After infusing freely moving mice with inhibitors of cholinergic or NMDA receptors in either the hippocampus or entorhinal cortex (EC), the scientists recorded theta waves from the hippocampus. They found that cholinergic receptors in the hippocampus and NMDA receptors in the EC were indispensable for theta generation. Inhibition of the receptors also impaired the ability of mice to memorize and recall locations. The results suggested both receptors play important roles in theta generation and associated behavioral performance. (QX)

CitationGu Z, Alexander GM, Dudek SM, Yakel JL. 2017. Hippocampus and entorhinal cortex recruit cholinergic and NMDA receptors separately to generate hippocampal theta oscillations. Cell Rep 21(12):3585–3595.

Defense against environmental stressors shortens life

NIEHS scientists and their collaborators used fruit flies to demonstrate that inflammatory responses to environmental stressors can reduce lifespan. The authors studied the stress-protecting roles of a molecule known as growth-blocking peptide (GBP) and discovered GBP’s binding partner, Methuselah-like receptor-10 (Mthl10). Working together, GBP and Mthl10 regulate processes that can either shorten or extend lifespan.

The scientists discovered Mthl10, which appears on the surface of cells, by screening more than 1,700 fruit fly proteins. They determined that GBP and Mthl10 bind together to promote inflammation, but in turn, shorten the lives of the fruit flies. When Mthl10 was removed from the fruit flies, GBP could not bind to the cells. These flies exhibited lower amounts of inflammation and lived longer. However, they succumbed to stressors in the environment and died faster than wild-type fruit flies. The scientists also showed that reducing dietary calories could reduce inflammation and extend lifespan.

The work supports a theory of aging that suggests more inflammation accelerates aging, leading to an earlier demise, and less inflammation extends life. The scientists propose that genes that are functionally equivalent to GBP and Mthl10 are present in humans. (RP)

CitationSung EJ, Ryuda M, Matsumoto H, Uryu O, Ochiai M, Cook ME, Yi NY, Wang H, Putney JW, Bird GS, Shears SB, Hayakawa Y. 2017. Cytokine signaling through Drosophila Mthl10 ties lifespan to environmental stress. Proc Natl Acad Sci U S A 114(52):13786–13791. (Story)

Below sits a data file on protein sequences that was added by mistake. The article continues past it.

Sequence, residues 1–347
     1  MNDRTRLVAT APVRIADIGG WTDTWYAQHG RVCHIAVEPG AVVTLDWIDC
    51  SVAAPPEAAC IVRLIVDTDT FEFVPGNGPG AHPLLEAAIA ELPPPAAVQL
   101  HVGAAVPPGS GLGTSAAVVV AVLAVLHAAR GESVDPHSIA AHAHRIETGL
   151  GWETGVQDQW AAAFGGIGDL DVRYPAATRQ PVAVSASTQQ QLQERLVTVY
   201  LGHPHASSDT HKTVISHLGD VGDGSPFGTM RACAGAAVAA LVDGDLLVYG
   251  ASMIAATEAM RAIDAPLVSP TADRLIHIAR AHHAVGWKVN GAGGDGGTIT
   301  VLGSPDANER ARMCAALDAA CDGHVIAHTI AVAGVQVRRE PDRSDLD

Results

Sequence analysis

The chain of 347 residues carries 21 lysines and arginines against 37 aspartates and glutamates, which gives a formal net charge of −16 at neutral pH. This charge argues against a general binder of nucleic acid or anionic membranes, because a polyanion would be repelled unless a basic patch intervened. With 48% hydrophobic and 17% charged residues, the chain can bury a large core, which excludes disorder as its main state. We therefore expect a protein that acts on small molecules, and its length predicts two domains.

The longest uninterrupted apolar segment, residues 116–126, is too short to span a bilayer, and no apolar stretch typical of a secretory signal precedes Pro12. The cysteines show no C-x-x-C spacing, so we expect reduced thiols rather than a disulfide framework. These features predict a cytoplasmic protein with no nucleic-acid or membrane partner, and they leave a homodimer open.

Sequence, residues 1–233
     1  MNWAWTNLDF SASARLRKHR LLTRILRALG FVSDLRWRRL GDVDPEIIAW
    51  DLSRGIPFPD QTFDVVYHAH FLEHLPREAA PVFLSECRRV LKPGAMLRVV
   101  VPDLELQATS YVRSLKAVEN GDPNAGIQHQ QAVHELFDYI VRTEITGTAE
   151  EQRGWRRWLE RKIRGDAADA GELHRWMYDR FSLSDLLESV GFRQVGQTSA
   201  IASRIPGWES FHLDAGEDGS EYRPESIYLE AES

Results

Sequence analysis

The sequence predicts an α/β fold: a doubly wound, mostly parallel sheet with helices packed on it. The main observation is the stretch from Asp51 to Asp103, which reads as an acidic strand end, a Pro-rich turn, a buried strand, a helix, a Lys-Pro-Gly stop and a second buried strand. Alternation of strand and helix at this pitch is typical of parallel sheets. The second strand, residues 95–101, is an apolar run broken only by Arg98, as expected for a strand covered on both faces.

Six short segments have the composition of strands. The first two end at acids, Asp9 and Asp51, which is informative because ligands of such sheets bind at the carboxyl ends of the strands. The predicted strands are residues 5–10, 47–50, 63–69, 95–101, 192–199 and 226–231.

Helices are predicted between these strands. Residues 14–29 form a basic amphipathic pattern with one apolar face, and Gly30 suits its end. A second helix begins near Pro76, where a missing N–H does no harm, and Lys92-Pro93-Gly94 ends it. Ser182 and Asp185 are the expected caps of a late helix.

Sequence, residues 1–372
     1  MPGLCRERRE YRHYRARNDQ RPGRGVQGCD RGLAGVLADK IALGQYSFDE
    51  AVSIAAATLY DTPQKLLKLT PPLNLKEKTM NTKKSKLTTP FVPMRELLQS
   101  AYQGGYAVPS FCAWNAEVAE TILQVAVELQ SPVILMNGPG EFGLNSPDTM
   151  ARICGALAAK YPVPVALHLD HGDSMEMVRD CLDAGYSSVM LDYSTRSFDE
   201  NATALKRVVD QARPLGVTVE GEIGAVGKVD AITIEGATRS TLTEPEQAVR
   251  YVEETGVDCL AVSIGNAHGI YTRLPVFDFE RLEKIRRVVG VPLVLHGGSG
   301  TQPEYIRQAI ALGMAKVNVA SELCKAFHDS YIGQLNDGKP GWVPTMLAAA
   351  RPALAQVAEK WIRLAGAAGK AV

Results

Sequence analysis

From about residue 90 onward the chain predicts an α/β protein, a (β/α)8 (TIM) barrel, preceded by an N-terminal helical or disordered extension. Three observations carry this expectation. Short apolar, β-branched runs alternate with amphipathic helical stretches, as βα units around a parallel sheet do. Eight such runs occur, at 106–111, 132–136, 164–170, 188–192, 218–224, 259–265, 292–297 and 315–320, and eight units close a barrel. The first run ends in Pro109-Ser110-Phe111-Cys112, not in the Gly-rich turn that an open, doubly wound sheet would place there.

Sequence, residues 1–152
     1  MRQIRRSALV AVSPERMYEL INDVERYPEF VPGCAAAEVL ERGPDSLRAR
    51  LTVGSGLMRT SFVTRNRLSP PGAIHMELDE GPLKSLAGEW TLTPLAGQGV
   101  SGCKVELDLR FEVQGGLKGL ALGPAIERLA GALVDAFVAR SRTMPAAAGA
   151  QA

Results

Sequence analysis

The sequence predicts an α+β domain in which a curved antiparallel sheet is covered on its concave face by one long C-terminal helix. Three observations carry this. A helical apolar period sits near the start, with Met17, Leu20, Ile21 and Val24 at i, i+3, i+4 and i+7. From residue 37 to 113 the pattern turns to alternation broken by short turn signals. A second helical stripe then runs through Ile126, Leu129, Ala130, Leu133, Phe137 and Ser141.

Diet and the microbiome lead to cancer-related changes

Using a mouse model of diet-induced obesity, NIEHS scientists found that the combination of diet and the microbiome can affect gene expression in the colonic epithelium. The findings, which suggest these changes may lead to obesity, obesity-related diseases, and colon cancer, provide important insight into the relationship between the microbiome and host disease risk.

Male and female mice were fed a high-fat diet (HFD), or a low-fat control diet for 20 weeks. After sequencing 16S rDNA from fecal samples, the scientists found the HFD led to an altered microbiome before the development of obesity, which altered bacterial metabolite production and potentially worsened obesity. The researchers also observed changes in histone methylation and acetylation at genomic loci associated with signaling pathways that were integral to the development of colon cancer.

Using germ-free mice, the research team found that transplantation of HFD-conditioned microbiota, combined with an obesogenic diet, recapitulated features of the long-term diet regimen. The diet and microbiome-dependent changes were reflected in both the composition of the recipient animals' microbiomes and in the set of transcription factor motifs identified at diet-influenced enhancers. Finally, they identified the signal-responsive nuclear receptor HNF4a as a putative target of bacterial metabolites that exerts regulatory effects on host gene expression. (KM)

CitationQin Y, Roberts JD, Grimm SA, Lih FB, Deterding LJ, Li R, Chrysovergis K, Wade PA. 2018. An obesity-associated gut microbiome reprograms the intestinal epigenome and leads to altered colonic gene expression. Genome Biol 19(1):7.

(Douglas Ganini da Silva, Ph.D., is a research fellow in the NIEHS Free Radical Metabolism Group. Katie Glenn, Ph.D., is an Intramural Research Training Award (IRTA) fellow in the NIEHS Mechanisms of Mutation Group. Ketrell McWhorter, Ph.D., is an IRTA fellow in the NIEHS Social and Environmental Determinants of Health Equity Group. Rajneesh Pathania, Ph.D., is a research fellow in the Systems Biology Group. Qing Xu is a biologist in the NIEHS Metabolism, Genes, and Environment Group.)